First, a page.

Macleans magazine names Dr. Stephen Scherer one of the most powerful people in science
"There is nothing more competitive than science," said Dr. Scherer in the Nov. 24 edition of Macleans Magazine's 2014 Power List of the most powerful people in business and science.
In an article by Adrian Lee listing Dr. Scherer as number 35 on a list of the most influential of Canadians in these two domains, the writer explores parallels between Dr. Scherer's early promise in hockey, and the drive and tenacity that have contributed to Dr. Scherer's outstanding career.
Prior to becoming the co-lead of NeuroDevNet's Autism research group, 2004 findings helped establish copy number variation - the deletion or duplication of genes in an individual's DNA - a contribution described as "detonating the long-held belief that very little of our genetic makeup could differ.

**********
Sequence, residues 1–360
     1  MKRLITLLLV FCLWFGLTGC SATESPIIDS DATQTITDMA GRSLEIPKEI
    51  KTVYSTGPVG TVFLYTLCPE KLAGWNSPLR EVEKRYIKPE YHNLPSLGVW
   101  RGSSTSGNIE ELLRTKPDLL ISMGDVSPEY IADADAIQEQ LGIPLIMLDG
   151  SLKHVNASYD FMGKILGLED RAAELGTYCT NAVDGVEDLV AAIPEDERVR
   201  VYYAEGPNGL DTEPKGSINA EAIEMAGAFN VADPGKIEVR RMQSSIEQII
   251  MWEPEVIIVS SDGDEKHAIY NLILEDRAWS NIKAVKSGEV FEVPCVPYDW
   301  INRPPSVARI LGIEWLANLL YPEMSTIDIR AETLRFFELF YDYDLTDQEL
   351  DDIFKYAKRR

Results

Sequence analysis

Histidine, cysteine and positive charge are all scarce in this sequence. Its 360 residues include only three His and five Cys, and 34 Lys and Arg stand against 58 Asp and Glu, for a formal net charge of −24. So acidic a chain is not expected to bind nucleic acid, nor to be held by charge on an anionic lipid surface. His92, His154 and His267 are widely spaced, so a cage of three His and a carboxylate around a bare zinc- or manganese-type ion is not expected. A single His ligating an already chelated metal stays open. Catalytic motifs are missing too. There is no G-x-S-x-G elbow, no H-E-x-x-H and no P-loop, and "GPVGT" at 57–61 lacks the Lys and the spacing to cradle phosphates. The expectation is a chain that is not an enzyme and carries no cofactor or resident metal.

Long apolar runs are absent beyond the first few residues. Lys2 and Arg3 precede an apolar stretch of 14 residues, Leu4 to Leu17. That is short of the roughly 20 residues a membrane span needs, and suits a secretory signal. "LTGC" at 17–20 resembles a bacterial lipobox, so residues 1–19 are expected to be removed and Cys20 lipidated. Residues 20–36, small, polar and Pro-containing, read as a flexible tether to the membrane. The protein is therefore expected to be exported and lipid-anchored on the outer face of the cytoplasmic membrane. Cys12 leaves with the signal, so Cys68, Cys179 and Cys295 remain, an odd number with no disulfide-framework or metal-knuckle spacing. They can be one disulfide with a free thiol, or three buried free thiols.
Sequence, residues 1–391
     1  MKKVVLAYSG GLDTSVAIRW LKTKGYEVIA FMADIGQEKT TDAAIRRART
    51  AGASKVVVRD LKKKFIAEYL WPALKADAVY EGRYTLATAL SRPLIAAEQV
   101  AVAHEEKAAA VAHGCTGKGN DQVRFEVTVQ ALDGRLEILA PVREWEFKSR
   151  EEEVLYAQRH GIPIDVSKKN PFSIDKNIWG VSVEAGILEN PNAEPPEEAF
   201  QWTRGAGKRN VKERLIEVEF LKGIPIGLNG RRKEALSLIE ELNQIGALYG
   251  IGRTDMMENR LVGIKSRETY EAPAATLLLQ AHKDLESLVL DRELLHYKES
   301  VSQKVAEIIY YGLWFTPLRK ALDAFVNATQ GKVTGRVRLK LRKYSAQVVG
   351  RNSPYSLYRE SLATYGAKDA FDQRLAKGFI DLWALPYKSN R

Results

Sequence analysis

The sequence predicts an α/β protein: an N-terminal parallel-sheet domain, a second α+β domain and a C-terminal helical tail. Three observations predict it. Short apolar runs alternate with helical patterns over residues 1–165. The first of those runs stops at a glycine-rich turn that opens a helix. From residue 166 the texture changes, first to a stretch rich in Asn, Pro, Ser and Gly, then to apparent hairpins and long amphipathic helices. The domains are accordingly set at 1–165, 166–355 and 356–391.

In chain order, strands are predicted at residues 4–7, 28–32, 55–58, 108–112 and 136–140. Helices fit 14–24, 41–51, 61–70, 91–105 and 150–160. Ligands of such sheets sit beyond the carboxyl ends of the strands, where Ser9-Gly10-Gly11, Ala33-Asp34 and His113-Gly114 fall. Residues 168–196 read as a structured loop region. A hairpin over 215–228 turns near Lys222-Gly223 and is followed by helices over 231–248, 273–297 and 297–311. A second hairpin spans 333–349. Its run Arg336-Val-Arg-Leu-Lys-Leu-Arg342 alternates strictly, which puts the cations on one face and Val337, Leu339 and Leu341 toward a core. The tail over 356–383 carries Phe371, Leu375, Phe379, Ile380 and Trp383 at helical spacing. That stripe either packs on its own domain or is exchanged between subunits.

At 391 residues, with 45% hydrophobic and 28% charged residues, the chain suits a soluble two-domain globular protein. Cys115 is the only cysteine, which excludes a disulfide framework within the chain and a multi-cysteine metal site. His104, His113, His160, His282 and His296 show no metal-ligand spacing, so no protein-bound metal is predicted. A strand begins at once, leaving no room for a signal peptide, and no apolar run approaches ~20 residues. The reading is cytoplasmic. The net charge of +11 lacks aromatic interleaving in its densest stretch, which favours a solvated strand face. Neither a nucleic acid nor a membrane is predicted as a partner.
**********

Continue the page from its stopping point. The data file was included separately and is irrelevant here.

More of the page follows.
"That game-changer has since helped Scherer ﬁnd copy-number variations that could cause genetic diseases," continues Lee. "Just this year, he unlocked a potential “autism formula” that will help spur more reliable identification from an earlier age, when intervention is most effective. In September, he earned a spot among only four Canadians on this year’s Thomson Reuters citation laureates list, which has correctly predicted 35 Nobel winners in the last 12 years."
“If I accomplish nothing else in my life, being on that list is unbelievable,” Scherer told Lee.
Lee's article on the Macleans website includes a video interview with Dr. Scherer.
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Research Associate - Health Policy, School of Public Policy at the University of Calgary